BY JOHN MAULDIN
There’s been a wave of public school teacher strikes around the US. It started in West Virginia and spread to Kentucky, Oklahoma, Arizona, and elsewhere.
Pensions have been an issue in all of them.
Demographic and economic reality says that younger teachers won’t get anything like the benefits they see current retirees receiving. And it’s not just teachers. The same is true for police, firefighters, and all other public-sector workers.
Thinking through this challenge, I’m struck by how many of our economic problems result from the steady aging of the world’s population.
Fertility Rates at All-Time Lows as Life Spans Peak
We are right now living through a demographic storm unprecedented in human history.
- Birth rates have plunged to near or below replacement level, and
- Average life spans have increased to 80 and beyond.
Neither of these happened naturally. The first followed improvements in artificial birth control. And the second came from better nutrition and health care. Each is beneficial in its own way, but together they have serious consequences.
This happened quickly, as historic changes go.
In just 16 years (1960–1976), fertility in the US dropped from 3.65 births per woman to only 1.76. It’s gone sideways since then. This appears to be a permanent change, as no one has figured out a way to reverse it.
I’m not saying this is bad. I’m happy young women were freed to have careers if they wished.
I’m also aware (though disagree) that some think the planet has too many people. If that’s your worry, then congratulations. New-human production is set to fall pretty much everywhere.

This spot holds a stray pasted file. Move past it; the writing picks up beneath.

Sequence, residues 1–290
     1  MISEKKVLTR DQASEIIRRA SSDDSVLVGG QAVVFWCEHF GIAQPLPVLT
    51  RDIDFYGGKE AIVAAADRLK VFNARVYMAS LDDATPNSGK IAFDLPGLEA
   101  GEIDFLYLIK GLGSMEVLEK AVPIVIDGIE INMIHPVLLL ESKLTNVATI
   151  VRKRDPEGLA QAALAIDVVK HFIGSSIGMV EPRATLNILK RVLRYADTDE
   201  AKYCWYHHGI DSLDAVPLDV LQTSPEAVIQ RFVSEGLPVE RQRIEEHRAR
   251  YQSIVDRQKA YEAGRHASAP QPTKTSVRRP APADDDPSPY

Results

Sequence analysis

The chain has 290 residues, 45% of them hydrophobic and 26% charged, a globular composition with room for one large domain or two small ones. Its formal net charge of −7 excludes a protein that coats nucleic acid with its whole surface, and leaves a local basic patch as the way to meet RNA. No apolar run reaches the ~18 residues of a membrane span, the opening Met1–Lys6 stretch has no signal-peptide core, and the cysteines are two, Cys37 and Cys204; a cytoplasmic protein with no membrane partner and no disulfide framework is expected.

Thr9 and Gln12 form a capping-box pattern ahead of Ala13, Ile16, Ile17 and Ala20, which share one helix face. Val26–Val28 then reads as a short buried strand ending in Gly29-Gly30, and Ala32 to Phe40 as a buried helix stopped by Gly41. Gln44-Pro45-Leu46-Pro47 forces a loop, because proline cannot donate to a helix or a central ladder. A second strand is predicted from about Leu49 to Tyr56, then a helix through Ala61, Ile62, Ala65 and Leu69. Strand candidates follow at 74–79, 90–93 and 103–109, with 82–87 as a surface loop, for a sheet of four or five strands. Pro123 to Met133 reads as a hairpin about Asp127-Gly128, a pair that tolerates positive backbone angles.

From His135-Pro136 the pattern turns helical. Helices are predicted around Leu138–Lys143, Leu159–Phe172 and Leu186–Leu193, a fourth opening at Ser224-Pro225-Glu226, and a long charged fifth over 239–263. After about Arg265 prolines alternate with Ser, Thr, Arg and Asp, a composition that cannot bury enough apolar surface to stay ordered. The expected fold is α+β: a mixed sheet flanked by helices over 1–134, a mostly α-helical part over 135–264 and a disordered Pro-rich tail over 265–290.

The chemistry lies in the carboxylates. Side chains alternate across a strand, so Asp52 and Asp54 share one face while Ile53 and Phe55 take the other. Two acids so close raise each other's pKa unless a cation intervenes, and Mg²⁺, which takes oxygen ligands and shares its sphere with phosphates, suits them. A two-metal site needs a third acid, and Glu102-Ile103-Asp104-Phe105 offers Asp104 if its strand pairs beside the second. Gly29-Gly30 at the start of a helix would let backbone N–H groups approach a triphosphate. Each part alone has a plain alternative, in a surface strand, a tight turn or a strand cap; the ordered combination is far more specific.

Who Will Support the Elderly?
Breaking down the US population by age, here’s how it looked in 2015.
Think of this as a python swallowing a pig.
Those wider bars in the 50–54 and 55–59 zones are Baby Boomers who are moving upward and not dying as early as previous generations did.
Meanwhile, birth rates remain low. So as time progresses, the top of the pyramid will get wider and the bottom narrower. (You can watch a good animation of the process here.)
This is the base challenge: How can a shrinking group of working-age people support a growing number of retirement-age people?
The easy and quick illustration to this question is to talk about the number of workers supporting each Social Security recipient. In 1940, it was 160. By 1950 it was 16.5. By 1960 it was 5.1.
It will be 2.3 by 2030—I think you can see a trend here.
Similarly, states and local governments are asking current young workers to support those already in the pension system. The math is the same, though numbers vary from area to area.
How can one worker support two or three retirees while still working and trying to raise a family with mortgage payments, food, healthcare, etc.? Obviously, they can’t, at least not forever.
But no one wants to admit that, so we just ignore reality.
The Pension Issue Won’t Solve Itself
We keep thinking that at some point in the future, taxpayers will pick up the difference. And nowhere is it more evident than in public pensions.
Let me tell you, that’s a higher-order problem. Do you think I want to volunteer to die so that Social Security can be properly funded? Are we in a Soylent Green world? This will be a very serious question by the middle of the next decade.